* One of the Fluff asides in ''TabletopGame/{{Reign}}'' involves an instance of NonverbalMiscommunication that rises to this level -- the mercenary commander had a troop of mixed nationality that each knew one of three different sets of military hand signals; he'd only bothered to check that they all knew hand signals, not that they all knew the ''same ones''. His signal to "hold up" was variously interpreted correctly, as an order to attack, or as an order to retreat, and they were routed in the chaos resulting.
* In ''TabletopGame/{{Warhammer}}'', the Slaans - the mage-priests of the Lizardmen - sleep most of the time, and when they wake up, they speak in very short sentences without any context. As a result, unpleasant things have happened. When the High Elves arrived in Lustria, they were brought before a Slaan who said, "They should not be here". His Saurus guards read this as "Destroy all High Elves" and killed them. Whether he actually meant "Send them home" will never be known.
* ''TabletopGame/{{Warhammer 40000}}''
** Damn it, Emperor. Do you have ''any idea'' how much trouble you would have saved if you were only able to occasionally ''explain'' stuff to your kids? The Literature/HorusHeresy, for one. Simply adding "I have fragile crap under construction down there" to his sorcery prohibition would prevent Magnus from acting like a moron -- between a working [[PortalNetwork webway]], alive and loyal Thousand Sons and the fact that most of humanity's knowledge of Warp is a handful of crumbs from Magnus's table, the setback could be minimized even if Literature/HorusHeresy happened anyway.
* In ''TabletopGame/RocketAge'' Ganymedians didn't realise that human prospectors couldn't survive being separated from their organs, so their first attempts at taking prisoners went badly.

* Creator/GilbertAndSullivan were also fond of this trope, but they actually hang a lampshade on it in the Act I finale of ''Theatre/TheMikado'', when Katisha tries to tell the people of Titipu that [[spoiler:Nanki Poo is the son of the Mikado]], only to have the chorus interrupt her every time she opens her mouth.
* Creator/WilliamShakespeare seemed to be fond of this trope. The most famous example is probably ''Theatre/RomeoAndJuliet'', where Juliet fakes her own death, and her message to Romeo explaining the situation never reaches him, causing Romeo to kill Paris and commit suicide. Upon discovering this, Juliet also kills herself.
** [[DiscussedTrope Discussed]] in ''Theatre/BellsAreRinging'', where answering service girl Ella tries to explain to a policeman that "my job is to get messages to people on time" and imagines herself at "Veronaphone" passing Juliet's message on to Romeo.
--->''"See what I could have done? Maybe I'm right! Maybe I'm wrong! But if I'd got that message through on time, I'm telling you--THOSE TWO KIDS WOULD BE ALIVE TODAY!"''
** ''Theatre/{{Othello}}'' was easily swayed by ManipulativeBastard Iago to believe his wife had been cheating on him and kills her. Only when it is too late does he realize that if he had bothered to verify the truth with anyone ''other'' than Iago, the stories wouldn't have matched up. Emilia at least was smart enough to figure out what was going on.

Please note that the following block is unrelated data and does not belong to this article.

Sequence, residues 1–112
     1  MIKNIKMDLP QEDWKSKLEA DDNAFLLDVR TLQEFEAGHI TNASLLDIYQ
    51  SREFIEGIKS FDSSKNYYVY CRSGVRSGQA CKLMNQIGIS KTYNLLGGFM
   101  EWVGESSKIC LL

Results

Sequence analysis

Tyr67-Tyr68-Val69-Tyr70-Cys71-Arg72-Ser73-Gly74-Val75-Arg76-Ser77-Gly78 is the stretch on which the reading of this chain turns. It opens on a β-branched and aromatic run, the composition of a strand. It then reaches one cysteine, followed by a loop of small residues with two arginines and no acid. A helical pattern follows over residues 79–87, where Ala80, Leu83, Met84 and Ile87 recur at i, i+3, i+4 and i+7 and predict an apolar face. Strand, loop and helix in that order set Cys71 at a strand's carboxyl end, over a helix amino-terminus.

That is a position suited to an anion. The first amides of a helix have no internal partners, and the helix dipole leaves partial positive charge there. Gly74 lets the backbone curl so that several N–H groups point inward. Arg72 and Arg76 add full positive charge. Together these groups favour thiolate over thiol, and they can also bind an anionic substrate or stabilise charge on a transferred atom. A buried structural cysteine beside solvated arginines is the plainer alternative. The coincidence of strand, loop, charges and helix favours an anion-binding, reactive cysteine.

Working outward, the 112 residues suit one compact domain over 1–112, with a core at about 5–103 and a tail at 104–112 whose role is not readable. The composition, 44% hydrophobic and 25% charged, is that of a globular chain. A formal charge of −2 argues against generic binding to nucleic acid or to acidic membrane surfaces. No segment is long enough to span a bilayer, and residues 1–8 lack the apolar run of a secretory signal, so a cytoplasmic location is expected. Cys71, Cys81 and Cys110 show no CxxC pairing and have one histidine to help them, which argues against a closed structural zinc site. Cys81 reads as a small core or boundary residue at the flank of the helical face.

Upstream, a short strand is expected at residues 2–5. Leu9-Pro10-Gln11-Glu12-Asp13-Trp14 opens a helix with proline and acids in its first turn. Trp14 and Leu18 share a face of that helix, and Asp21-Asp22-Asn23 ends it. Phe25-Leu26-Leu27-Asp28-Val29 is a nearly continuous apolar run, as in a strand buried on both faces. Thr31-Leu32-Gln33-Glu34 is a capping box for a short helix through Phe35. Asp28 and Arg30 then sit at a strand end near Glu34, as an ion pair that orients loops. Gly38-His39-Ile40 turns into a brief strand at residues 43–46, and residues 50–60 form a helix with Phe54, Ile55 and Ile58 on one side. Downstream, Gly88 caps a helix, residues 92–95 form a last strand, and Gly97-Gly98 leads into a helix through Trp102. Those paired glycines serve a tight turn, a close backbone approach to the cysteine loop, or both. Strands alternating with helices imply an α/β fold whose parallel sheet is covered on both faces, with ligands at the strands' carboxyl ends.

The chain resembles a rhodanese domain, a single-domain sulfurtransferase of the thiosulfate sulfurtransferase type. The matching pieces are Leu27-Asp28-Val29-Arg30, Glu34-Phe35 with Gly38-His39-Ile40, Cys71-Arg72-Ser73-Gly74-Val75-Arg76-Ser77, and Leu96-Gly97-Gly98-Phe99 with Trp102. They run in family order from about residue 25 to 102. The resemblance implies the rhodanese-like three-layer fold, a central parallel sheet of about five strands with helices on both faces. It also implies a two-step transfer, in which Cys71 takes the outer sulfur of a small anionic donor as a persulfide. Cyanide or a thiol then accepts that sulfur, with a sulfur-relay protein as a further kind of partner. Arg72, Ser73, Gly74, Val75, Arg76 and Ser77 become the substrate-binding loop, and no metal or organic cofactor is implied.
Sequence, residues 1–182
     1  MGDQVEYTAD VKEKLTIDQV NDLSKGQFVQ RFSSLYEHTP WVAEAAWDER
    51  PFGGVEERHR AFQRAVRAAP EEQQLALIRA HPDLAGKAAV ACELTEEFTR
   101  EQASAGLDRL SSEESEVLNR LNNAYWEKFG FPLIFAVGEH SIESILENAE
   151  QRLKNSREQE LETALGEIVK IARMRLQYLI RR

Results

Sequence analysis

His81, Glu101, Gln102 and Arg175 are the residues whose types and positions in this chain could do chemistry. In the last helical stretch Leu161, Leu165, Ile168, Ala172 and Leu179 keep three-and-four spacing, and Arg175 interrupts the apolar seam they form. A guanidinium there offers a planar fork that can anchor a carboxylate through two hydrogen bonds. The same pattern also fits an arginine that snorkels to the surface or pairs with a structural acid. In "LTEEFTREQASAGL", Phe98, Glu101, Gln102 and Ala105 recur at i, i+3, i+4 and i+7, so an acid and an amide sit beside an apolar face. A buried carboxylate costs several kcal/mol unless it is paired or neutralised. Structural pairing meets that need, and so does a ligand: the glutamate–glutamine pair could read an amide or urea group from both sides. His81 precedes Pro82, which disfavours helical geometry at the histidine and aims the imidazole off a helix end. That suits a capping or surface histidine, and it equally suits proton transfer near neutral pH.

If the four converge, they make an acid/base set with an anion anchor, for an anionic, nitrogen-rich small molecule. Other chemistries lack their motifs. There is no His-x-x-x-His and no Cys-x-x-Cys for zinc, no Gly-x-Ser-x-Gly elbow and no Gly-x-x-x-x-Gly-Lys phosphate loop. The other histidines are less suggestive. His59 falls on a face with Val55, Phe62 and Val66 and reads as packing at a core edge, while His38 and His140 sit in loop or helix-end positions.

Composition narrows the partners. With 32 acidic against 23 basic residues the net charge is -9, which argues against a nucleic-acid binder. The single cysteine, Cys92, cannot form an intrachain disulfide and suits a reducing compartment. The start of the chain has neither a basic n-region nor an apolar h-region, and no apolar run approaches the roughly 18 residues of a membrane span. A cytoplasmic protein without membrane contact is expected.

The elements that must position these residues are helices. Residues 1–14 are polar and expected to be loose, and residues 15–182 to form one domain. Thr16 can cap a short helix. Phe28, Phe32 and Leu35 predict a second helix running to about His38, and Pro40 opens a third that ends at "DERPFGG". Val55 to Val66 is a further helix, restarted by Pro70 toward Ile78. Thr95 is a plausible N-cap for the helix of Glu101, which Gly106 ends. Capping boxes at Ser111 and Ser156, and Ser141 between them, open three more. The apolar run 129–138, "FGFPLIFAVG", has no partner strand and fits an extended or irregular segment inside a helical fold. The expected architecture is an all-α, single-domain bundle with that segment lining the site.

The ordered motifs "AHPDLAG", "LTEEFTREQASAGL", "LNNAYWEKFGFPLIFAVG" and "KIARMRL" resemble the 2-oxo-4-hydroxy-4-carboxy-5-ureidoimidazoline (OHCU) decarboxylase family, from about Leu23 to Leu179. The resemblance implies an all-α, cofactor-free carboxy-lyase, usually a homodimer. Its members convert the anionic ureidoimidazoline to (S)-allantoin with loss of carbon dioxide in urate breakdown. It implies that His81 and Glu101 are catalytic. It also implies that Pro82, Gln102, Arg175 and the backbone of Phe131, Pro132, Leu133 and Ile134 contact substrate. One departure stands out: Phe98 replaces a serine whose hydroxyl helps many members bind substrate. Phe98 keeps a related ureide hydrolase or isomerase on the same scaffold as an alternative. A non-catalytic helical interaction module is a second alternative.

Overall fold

* In ''Theatre/TheGlassMenagerie'', Tom doesn't tell Jim that the dinner he invited Jim to serves the purpose of introducing Jim as a suitor to Tom's sister, Laura. [[spoiler:Jim is engaged to be married]].

[[folder:Visual Novels]]
* ''Franchise/AceAttorney'' has this problem a lot. Vague letters or notes with no clear addressee on them are the most common culprits, although the entire backstory of "Bridge to the Turnabout" could have been solved by good communication [[spoiler:without anyone dying.]] The last one is tragically lampshaded by [[spoiler:Godot,]] who points out that the whole situation would never have happened if [[spoiler:he had simply told Phoenix what was going on instead of trying to redeem himself.]]
** Actually, the lampshading is wrong as [[spoiler: Godot]] could've prevented ''the entire thing'' from happening had the letter, which led to the entire events of the case, been ''burned'' when [[spoiler: Godot]] had first obtained it!

[[folder:Web Comics]]
* In ''Webcomic/KoanOfTheDay'', the guru asks the tortoise for [[http://www.koanoftheday.com/172/ money and a misunderstanding occurs]].
* ''[[Webcomic/TheOrderOfTheStick Order of the Stick]]'':
** In [[http://www.giantitp.com/comics/oots0367.html this]] strip, Thog is questioned by a prison guard, and gives an honest and accurate account that confirms Elan's attempt to explain that [[spoiler:he was framed by his EvilTwin brother Nale.]] However, Thog's statement is chock-full of homophones (and [[SesquipedalianLoquaciousness far more elaborate than his usual speech]]), rendering it comprehensible (with a bit of effort) to the reader but total gibberish to the guard.
** Elan's aforementioned attempt to explain just digs him into deeper trouble, but that isn't an example of this trope -- for him, it's perfectly in character to go off on ill-considered tangents.